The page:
The bimodal age distribution among hepatitis A cases in the prevaccine era was likely due to infections among chil­dren and infections among adults at risk—namely, persons who use drugs (PWUDs) and men who have sex with men (MSM).10,11,13 Illicit drug use was reported in many community-wide hepatitis A outbreaks prior to the avail­ability and widespread use of the vaccine.2,14-17 During the prevaccine era, outbreaks of hepatitis A occurred relatively frequently among MSM.13,18,19 Behaviors associated with infec­tion included high-risk sexual practices (eg, >1 anonymous sex partner, group sex, oral-anal sex).13,20 Seroprevalence studies showed that a greater number of sex partners, longer duration of sexual activity, and serological evidence of other sexually transmitted infec­tions were also associated with HAV infection.13 As an important source of HAV transmission during previously reported outbreaks, improving vaccine coverage among PWUDs and MSM is critical to reducing the frequency and duration of community-wide outbreaks.11 The main chal­lenge was and remains amassing the resources early enough in an outbreak response to maxi­mize their impact.11,15

In 1996, after the vaccine was licensed, in an effort to control ongoing outbreaks, the Advisory Committee on Immunization Practices (ACIP) recommended vaccinating children in communities with high rates of hepatitis A, PWUDs, and MSM. In 1999, it was recommended that children living in regions with double the national incidence rate of 10 per 100,000 be vaccinated.2,21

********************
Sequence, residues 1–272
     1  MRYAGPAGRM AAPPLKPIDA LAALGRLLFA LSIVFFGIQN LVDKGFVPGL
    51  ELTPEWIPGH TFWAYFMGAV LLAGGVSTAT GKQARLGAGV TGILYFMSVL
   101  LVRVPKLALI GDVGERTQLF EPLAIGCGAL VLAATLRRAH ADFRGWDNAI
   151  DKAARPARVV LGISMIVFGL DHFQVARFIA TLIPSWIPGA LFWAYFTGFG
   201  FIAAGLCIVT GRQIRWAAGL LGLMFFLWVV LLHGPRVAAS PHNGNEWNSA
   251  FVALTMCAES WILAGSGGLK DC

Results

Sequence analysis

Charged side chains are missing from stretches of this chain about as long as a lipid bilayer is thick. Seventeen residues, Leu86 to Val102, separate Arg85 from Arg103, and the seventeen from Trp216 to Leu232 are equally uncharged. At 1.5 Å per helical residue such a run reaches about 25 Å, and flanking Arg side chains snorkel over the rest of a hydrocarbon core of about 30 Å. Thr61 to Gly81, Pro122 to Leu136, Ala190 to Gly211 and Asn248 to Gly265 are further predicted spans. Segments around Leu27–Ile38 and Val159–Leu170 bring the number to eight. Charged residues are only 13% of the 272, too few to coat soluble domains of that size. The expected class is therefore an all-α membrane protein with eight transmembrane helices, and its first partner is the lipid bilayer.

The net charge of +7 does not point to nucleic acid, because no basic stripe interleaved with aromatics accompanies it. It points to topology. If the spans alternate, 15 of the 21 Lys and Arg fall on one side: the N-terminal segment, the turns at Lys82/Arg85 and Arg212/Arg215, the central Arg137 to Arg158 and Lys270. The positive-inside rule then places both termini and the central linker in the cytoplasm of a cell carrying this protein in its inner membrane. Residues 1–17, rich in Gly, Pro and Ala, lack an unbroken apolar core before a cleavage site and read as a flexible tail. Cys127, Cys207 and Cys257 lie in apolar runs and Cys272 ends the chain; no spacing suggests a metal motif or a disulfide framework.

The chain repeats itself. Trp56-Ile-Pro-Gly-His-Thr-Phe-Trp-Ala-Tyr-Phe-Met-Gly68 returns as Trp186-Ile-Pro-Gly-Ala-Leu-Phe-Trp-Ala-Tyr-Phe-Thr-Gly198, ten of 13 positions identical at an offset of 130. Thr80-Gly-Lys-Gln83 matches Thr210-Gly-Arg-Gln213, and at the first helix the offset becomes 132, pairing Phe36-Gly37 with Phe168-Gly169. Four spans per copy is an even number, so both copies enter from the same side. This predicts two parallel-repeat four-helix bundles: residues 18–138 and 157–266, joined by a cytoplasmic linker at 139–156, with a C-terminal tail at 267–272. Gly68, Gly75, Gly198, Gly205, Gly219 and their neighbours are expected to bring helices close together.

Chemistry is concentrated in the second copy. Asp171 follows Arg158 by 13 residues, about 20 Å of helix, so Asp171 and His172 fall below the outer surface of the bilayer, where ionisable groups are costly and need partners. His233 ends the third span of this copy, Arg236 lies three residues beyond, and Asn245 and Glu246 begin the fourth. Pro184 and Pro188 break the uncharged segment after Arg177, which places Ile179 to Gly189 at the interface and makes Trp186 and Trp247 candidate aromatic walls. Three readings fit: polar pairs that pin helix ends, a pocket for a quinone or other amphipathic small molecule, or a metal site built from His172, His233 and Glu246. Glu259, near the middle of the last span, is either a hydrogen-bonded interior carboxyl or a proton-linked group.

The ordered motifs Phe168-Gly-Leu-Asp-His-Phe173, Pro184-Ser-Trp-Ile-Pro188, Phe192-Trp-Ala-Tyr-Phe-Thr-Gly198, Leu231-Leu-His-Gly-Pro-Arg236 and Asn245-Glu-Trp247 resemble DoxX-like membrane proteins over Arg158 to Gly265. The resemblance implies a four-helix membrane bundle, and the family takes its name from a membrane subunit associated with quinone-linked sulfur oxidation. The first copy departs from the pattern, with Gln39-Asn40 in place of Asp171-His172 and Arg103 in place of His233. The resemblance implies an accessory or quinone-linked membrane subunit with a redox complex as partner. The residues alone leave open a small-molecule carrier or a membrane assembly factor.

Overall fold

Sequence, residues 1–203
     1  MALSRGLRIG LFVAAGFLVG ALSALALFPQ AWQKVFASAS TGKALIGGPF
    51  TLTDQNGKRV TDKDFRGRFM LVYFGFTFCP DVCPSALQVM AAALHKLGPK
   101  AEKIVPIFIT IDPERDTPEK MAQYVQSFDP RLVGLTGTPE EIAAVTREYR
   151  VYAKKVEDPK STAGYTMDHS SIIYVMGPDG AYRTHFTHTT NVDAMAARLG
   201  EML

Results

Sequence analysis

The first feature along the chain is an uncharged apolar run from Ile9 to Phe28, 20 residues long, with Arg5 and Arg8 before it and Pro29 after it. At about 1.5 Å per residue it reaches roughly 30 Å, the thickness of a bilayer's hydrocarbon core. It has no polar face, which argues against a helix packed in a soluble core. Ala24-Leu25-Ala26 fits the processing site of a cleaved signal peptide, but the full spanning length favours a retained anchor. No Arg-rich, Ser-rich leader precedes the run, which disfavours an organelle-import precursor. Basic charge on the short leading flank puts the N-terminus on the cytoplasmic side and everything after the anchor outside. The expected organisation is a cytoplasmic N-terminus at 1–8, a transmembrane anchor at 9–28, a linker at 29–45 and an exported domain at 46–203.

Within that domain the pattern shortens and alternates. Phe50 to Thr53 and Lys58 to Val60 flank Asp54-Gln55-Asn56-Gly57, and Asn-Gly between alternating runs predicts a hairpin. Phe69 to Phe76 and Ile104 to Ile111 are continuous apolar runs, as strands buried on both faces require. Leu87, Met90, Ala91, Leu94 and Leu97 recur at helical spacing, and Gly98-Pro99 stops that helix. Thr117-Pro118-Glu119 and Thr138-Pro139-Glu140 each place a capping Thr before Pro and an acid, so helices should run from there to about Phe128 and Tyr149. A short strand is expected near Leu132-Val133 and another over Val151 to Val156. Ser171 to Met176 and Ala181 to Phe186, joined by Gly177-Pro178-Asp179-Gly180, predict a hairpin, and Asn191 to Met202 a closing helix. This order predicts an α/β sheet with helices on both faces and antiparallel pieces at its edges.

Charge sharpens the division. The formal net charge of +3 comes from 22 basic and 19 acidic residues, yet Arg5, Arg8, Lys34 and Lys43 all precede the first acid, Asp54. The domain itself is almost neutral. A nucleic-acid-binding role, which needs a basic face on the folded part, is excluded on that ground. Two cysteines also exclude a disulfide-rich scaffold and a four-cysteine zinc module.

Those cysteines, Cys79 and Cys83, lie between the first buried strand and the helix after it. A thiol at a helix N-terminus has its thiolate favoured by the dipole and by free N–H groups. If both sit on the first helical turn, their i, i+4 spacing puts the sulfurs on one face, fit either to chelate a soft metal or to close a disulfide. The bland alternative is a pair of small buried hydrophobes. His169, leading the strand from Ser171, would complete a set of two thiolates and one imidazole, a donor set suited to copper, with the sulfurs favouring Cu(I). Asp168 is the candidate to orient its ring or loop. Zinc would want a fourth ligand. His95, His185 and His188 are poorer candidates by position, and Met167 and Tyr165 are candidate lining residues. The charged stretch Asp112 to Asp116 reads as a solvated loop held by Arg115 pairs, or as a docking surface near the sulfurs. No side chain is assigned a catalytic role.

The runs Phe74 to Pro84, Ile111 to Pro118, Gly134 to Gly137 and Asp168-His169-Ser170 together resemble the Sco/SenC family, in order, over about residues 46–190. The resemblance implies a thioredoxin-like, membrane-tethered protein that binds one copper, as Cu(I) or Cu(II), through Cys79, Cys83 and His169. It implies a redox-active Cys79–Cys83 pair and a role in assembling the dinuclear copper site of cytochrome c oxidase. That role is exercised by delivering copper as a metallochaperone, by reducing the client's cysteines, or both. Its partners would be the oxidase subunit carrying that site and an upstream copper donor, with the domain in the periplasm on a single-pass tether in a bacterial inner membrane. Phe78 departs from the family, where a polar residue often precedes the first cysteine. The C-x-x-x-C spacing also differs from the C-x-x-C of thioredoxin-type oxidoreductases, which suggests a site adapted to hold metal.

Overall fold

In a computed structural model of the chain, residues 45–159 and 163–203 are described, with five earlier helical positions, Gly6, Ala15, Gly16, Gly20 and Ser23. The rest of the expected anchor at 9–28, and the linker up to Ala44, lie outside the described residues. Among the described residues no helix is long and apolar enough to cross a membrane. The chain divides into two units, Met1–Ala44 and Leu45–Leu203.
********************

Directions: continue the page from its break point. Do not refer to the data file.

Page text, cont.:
During 1987-1997, the national average HAV incidence rate was 10.8 cases per 100,000 population, with a total of 11 states, mostly in the West, having an average annual rate of ≥20 cases per 100,000 population.2 After the recommendations to vaccinate adults at risk and routine vaccination for children living in states that had consistently elevated hepatitis A incidence rates, incidence rates declined 78% during 1990-2003, with 90% of that decline occurring after 1997.21,22 Although most vaccinations went to children, incidence rates declined in all age groups.2 The observed decline in hepatitis A incidence could not be solely attributed to vaccination, given the historical cyclic pattern of the disease and the absence of vaccination coverage data in at-risk adults.22,23 During this time, large-community outbreaks that had accounted for the majority of reported cases virtually disappeared.22,23 Although vaccination of children resulted in fewer adult cases, those that occurred were commonly associated with contact with chil­dren.22 Transmission among at-risk adults continued, likely due to low vaccination coverage.22 Although overall case counts were decreasing, the cases that were identified were increasingly identified among adults, in partic­ular those in high-risk groups.3,24,25

The main challenge to control HAV transmission among at-risk adults involves providing outreach and vaccination due to societal marginaliza­tion.11,26 Vaccinations provided through drug treatment facilities, HIV counseling and testing sites, homeless shelters, syringe exchange programs, and correctional facilities have proved to be successful interventions in containing outbreaks within these groups.11